As President-elect Barack Obama prepares to fill top positions for his incoming government, he faces a stubborn reality: Some of the key individuals he will rely upon to tackle the country’s most serious challenges are holdovers from the current administration — a trio of Bush appointees who will likely stay in place for at least the first year or two of Obama‘s presidency.
In confronting the financial crisis and weakening economy, Obama must turn to Ben S. Bernanke, a Republican and former chairman of President Bush’s Council of Economic Advisers, who will lead the Federal Reserve for at least the first year of the new administration.
US Federal Reserve Chairman Ben Bernanke is seen during the opening of the G-20 Finance Ministers and Central Bank Governors meeting in Sao Paulo, Saturday, Nov. 8, 2008. Brazil’s President Luiz Inacio Lula da Silva said during his speech the world’s big emerging nations must have a big role in upcoming negotiations to fix the planet’s financial system and prevent another global economic meltdown.(AP Photo/Andre Penner)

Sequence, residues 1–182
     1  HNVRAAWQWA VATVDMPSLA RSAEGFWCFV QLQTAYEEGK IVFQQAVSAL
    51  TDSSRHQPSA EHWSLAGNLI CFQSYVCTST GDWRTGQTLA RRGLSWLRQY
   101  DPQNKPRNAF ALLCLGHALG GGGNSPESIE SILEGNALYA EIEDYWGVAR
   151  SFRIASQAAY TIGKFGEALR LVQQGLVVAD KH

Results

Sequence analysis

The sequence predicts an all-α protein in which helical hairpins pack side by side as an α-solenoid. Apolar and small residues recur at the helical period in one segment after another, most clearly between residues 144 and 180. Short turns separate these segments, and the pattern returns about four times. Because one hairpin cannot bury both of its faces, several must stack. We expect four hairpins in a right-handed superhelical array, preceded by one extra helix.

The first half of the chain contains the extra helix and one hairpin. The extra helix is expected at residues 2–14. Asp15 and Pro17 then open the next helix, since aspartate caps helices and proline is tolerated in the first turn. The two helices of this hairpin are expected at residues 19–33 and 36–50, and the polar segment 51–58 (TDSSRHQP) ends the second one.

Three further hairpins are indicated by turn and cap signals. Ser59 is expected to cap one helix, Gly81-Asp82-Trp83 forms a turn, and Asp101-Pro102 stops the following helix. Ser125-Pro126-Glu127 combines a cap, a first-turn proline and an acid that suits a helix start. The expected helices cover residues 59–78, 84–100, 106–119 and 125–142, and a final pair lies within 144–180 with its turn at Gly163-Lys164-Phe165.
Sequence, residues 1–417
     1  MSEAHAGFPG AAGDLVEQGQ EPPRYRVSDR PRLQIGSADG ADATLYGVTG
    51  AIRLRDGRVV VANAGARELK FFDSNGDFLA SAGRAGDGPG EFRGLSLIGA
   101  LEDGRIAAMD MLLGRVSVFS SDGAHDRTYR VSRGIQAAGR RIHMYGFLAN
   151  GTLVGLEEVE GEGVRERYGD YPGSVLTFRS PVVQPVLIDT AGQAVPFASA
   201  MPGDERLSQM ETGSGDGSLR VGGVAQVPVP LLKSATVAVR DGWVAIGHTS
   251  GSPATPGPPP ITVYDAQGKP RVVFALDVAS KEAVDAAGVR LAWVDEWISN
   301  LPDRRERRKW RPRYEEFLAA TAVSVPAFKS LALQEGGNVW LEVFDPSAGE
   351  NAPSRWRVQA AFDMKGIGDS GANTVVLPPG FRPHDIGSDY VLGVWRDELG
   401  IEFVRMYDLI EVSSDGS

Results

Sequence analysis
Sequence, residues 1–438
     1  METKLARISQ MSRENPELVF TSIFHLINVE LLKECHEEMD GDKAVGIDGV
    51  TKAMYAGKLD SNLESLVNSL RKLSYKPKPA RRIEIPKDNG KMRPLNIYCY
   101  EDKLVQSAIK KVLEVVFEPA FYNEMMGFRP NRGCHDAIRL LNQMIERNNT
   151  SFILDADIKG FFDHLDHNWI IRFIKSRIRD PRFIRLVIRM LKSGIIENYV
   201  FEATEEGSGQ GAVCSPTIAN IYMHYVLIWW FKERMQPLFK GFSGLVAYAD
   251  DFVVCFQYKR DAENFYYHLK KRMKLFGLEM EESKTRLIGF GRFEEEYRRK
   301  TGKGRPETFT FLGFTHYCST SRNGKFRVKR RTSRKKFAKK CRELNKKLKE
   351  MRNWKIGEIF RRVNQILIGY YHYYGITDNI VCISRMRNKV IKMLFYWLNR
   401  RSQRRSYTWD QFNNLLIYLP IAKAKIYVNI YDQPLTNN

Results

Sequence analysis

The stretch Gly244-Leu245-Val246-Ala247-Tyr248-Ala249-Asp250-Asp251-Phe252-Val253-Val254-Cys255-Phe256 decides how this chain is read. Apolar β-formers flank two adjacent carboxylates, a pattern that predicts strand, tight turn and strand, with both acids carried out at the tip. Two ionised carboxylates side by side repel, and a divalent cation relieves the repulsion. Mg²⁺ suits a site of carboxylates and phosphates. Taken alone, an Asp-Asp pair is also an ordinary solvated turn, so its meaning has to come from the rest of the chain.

In assuming control of the wars in Iraq and Afghanistan, Obama must work with Adm. Michael Mullen, chairman of the Joint Chiefs of Staff, who was appointed by Defense Secretary Robert M. Gates for a two-year term that will end in late 2009 and, by tradition, can expect to be appointed for a second term as the president’s top military adviser. Mullen shares Obama’s belief in focusing more on Afghanistan but is wary of a timeline for withdrawing troops from Iraq.
Admiral Mullen .(AFP/File/Nicholas Kamm)
And in guarding against terrorist attacks — while correcting what he considers the Bush administration’s excesses — Obama will rely upon FBI Director Robert S. Mueller III, whose term expires in 2011.
Washington Post Staff Writers
Monday, November 10, 2008; Page A01